Aspects of our surroundings that, typically, pass can exert a profound influence over our behavior in a wide range of situations. Studies have shown, for example, that customers sitting in hard chairs adopt a tougher stance when negotiating the price of a new car. Strangers are judged to be more generous and caring by someone who has briefly held a cup of warm coffee rather than a cold drink. Job candidates are perceived as more serious minded by interviewers who have been given their resumes on a heavy rather than a light clipboard. Business executives become more competitive in the presence of an expensive leather briefcase. Perhaps most surprising of all, consumers are more attracted to the idea of buying cake if the slice is photographed with the fork handle pointing to the right rather than towards the left.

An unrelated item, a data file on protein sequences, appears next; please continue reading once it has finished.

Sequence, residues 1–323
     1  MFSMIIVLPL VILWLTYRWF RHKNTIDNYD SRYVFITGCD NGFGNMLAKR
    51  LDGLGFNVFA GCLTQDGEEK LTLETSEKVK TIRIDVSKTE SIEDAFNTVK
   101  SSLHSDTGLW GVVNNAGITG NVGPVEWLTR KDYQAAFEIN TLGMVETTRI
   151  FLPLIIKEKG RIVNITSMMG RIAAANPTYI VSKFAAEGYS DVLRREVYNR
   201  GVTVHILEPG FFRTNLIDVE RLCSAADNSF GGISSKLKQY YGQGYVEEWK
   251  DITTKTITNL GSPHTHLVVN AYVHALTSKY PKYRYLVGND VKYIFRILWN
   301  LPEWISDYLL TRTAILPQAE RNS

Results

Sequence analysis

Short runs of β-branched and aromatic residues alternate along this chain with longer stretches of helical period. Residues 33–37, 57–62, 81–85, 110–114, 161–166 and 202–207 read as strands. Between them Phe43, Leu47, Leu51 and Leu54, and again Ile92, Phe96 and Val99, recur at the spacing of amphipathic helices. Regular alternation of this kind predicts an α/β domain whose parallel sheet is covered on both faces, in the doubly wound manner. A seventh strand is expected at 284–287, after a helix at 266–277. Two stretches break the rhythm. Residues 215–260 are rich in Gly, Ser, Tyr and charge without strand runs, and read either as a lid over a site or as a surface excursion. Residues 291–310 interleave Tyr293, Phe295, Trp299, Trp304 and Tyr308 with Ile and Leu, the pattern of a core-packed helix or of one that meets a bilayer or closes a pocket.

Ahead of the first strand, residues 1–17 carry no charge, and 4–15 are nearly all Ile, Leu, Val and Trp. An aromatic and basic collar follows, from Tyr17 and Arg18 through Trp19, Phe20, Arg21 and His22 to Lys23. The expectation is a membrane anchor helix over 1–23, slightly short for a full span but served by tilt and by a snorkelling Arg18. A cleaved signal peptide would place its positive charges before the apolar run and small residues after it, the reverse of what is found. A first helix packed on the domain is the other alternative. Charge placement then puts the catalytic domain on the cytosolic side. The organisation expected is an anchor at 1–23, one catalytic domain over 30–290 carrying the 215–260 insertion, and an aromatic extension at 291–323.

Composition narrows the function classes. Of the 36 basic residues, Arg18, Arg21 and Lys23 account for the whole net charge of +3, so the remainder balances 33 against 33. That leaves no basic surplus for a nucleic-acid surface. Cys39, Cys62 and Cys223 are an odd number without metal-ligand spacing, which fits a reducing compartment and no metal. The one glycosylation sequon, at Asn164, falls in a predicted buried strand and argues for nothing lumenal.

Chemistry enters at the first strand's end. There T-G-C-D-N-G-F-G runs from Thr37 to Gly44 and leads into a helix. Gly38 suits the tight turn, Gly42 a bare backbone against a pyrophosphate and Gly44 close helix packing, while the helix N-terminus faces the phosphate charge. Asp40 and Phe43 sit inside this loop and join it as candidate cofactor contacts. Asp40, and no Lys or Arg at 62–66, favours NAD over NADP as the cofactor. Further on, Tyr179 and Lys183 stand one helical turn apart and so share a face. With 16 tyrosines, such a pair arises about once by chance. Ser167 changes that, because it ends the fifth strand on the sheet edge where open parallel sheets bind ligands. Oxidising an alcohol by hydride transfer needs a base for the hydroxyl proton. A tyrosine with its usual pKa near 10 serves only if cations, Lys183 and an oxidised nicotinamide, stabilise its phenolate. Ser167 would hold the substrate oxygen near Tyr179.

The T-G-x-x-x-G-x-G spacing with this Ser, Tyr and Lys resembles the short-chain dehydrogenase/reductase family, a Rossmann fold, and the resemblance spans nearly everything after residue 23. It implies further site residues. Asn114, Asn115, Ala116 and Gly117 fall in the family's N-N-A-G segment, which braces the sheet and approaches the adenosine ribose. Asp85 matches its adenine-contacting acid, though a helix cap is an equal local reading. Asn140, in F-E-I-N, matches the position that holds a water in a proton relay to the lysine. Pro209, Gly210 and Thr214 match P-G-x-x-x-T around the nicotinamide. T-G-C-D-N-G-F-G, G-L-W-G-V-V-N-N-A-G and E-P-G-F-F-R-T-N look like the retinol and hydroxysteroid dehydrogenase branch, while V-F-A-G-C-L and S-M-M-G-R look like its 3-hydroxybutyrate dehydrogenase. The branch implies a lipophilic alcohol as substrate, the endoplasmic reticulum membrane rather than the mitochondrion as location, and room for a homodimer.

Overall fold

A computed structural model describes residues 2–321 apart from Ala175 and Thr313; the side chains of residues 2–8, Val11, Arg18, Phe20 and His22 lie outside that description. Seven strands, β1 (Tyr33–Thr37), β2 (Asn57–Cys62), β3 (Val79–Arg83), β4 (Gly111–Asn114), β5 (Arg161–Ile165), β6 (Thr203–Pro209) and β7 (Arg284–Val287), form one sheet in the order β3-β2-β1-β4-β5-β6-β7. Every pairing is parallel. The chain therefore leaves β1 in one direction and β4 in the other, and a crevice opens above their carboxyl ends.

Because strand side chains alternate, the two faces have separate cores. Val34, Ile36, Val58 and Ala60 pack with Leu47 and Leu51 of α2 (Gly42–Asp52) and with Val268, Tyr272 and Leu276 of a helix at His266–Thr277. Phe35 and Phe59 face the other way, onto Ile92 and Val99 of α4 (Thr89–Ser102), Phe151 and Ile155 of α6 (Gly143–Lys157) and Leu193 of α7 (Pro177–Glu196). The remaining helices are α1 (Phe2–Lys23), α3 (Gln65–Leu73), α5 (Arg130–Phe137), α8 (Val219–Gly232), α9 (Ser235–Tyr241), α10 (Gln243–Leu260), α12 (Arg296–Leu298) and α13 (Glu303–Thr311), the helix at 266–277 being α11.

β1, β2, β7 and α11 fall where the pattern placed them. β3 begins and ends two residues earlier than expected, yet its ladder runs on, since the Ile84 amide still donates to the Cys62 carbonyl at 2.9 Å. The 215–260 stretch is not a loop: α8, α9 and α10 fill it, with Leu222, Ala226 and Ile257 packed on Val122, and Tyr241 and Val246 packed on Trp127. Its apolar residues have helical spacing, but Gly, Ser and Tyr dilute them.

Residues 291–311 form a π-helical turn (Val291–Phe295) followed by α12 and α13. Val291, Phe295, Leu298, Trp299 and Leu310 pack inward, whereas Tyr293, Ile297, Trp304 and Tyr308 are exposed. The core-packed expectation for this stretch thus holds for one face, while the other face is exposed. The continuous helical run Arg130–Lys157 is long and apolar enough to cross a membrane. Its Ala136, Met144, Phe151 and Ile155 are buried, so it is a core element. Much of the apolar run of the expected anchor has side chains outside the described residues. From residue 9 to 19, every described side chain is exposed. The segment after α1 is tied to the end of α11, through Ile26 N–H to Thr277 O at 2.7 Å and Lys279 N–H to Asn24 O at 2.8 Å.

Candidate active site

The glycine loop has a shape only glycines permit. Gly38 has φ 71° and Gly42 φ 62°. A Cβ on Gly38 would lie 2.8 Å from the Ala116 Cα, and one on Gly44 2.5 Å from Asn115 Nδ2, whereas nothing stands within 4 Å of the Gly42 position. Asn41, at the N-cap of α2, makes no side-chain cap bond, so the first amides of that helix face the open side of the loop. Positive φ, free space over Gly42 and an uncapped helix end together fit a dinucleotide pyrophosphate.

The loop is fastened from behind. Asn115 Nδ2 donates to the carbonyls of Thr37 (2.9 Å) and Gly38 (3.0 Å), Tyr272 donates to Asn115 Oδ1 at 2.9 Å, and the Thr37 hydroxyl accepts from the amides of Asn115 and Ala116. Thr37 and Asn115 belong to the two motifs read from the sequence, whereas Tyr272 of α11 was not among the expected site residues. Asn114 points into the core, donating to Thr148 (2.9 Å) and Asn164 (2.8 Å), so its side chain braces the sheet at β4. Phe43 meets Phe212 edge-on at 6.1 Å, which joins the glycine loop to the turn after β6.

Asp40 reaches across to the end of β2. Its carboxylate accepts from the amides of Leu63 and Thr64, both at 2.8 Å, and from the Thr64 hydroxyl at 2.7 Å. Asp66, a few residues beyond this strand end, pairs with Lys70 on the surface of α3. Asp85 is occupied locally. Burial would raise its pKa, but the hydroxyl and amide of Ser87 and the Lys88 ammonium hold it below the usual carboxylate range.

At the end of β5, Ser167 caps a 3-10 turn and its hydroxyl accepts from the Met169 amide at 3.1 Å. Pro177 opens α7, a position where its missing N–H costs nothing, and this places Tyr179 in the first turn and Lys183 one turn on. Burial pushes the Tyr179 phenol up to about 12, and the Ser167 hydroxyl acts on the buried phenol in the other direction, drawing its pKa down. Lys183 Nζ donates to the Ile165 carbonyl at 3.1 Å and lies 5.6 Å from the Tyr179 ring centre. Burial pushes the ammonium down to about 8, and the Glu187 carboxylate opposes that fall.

Why should that be? Because most people are right handed and therefore when the fork handle is pointing to their dominant hand, they have this feeling that they want to go and eat it. Whereas if it’s the other way around, they have to think about it.
I think that the more senses which you can invoke with a product, the more likely people are to respond to it at a fairly deep level, either positively or negatively.
Very good question, indeed. I think, obviously, the visual senses are high. We have found this particularly with young people, the digital natives, young people who have grown up not knowing a non-digital world. They may not be as literate in the traditional sense as people of my generation, but they are visually very literate, indeed.
They are able to interpret visual imagery at much greater speed and often much greater accuracy than older respondents. It’s due to playing video games. It’s due to MTV; it’s due to having to process pop videos.
If you look at the average shot length, for example, of film from the ‘40s or ‘50s and then compare them to the average shot length of a film made today, you’ll see that scenes change much more rapidly.